Testing has created a generation of burnt out zombies. Students are told to memorize and then regurgitate on a test. Testing typically had me memorize facts and recite them under stressful conditions. In every class, the question of using notes on the test was brought up. However most teacher answered no and gave the excuse that one would not want a doctor operating on them who needed notes to pass a test. I remember this excuse never made sense. I would alway counter argue stating that I hope my doctor has access to information during the operating room in case something goes wrong. But teachers never appreciated this rebuttal. In my opinion, anything that is worth memorizing is worth looking up.
Wagner discusses testing in today’s education. State accountability tests do not accurately reflect true abilities. In fact, the design of these tests automatically marginalizes particular students. The language in the test is specific to certain groups and if a student is not a member of that group they could miss the question due to cultural context. In college, I had an explicit experience that emphasized this fact. During an exam on American Sign Language, the teacher signed an unknown word. Almost every student was confused by this word and asked for clarification. But we were unable to receive clarification because it could jeopardize the results of the test. The test was designed in New York but was given in San Diego. The sign was for a Brownstone home. However, San Diego has an absence of brownstone homes and was not familiar to anyone living in the area. Now, this experience was a single word on one exam but it demonstrated how tests have cultural biases and if you are not part of that culture you can not pass their tests.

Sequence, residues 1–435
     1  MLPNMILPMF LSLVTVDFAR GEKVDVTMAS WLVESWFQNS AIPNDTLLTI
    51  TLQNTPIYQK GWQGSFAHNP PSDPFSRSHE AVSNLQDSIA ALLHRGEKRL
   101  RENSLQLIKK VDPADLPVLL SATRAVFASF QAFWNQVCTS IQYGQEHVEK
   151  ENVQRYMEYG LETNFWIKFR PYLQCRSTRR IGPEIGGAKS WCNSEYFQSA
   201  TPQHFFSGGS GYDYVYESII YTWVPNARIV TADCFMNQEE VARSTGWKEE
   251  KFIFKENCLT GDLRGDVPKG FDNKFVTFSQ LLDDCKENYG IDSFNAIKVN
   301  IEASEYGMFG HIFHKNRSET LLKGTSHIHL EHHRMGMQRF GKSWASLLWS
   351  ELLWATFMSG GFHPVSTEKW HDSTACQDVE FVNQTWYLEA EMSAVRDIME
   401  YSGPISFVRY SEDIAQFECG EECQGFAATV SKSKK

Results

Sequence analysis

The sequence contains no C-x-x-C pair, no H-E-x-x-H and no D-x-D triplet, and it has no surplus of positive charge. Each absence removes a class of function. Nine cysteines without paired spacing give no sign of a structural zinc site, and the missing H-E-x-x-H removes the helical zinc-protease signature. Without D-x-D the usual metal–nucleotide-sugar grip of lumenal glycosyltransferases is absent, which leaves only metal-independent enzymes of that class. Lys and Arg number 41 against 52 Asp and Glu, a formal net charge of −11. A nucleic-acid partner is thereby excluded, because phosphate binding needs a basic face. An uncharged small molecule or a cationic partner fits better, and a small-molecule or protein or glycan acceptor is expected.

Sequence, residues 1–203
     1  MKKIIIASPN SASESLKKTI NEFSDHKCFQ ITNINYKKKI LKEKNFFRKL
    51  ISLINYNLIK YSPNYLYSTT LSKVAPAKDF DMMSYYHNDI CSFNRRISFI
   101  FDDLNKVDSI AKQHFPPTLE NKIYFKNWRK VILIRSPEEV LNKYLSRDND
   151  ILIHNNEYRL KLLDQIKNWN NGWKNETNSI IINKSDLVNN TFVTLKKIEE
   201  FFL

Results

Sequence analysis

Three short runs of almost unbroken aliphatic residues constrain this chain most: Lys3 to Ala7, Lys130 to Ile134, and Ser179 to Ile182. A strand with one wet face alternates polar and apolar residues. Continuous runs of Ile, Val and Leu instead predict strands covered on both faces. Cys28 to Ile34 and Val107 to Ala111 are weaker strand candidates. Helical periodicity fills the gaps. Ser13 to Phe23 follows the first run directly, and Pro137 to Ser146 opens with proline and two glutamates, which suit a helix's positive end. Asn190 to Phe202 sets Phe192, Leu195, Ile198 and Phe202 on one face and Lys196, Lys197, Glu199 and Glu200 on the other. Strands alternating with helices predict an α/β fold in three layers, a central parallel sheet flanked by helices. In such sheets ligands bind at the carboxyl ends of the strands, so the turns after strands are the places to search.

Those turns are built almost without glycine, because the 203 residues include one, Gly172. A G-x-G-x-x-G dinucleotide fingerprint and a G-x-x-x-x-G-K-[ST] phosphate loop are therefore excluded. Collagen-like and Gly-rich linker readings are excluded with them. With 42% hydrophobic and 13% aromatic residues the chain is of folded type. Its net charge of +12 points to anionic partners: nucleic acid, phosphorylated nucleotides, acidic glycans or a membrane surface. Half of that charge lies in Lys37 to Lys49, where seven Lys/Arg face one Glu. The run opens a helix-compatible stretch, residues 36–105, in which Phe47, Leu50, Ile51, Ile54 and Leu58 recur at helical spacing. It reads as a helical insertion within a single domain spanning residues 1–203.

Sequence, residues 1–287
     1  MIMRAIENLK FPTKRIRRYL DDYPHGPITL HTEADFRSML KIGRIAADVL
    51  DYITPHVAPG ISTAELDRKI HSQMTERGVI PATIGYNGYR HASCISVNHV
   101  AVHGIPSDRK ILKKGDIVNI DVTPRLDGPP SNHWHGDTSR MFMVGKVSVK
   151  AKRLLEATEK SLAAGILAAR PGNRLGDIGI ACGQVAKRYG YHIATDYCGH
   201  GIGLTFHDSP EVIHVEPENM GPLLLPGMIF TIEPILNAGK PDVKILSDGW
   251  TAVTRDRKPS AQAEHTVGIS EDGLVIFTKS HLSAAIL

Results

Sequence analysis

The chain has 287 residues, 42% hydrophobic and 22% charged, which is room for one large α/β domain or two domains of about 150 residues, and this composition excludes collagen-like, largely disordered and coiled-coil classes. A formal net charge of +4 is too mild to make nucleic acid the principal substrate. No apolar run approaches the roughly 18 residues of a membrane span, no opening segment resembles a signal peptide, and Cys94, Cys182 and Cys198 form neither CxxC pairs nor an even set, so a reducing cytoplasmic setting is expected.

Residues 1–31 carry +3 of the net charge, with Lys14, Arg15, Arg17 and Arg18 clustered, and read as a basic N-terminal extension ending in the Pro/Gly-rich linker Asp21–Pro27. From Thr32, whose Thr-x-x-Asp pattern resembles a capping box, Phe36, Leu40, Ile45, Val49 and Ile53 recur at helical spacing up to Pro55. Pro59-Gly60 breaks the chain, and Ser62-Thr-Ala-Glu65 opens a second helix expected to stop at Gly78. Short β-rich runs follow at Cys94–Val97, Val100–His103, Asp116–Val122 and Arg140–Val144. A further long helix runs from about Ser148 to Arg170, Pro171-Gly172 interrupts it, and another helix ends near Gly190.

State testing has caused a shift in the way students are taught. Teachers during NCLB were held accountable for their student scores. Because of this fact, teachers started to focus instruction towards passing the test. This lead students to be ill prepared for college. Wagner listed several skills that most students are lacking when entering college. This includes being able to understand complex reading materials, ability to think analytically, necessary work and study habits, problem solving abilities, and abilities to research. These are all skills that require time and can not be tested on a standardized test. But with the emphasis on NCLB teachers were unable to focus instruction time to building these necessary skills. Wagner briefly discusses math and science classes. In these classes, content is a primary focus and students are left in a whirl of information. Because the amount of content knowledge required for these classes are high, students spend more time trying to digest enormous amount of content. Instead students should be using math and science to develop problem solving skills, writing skills, and analytical thinking.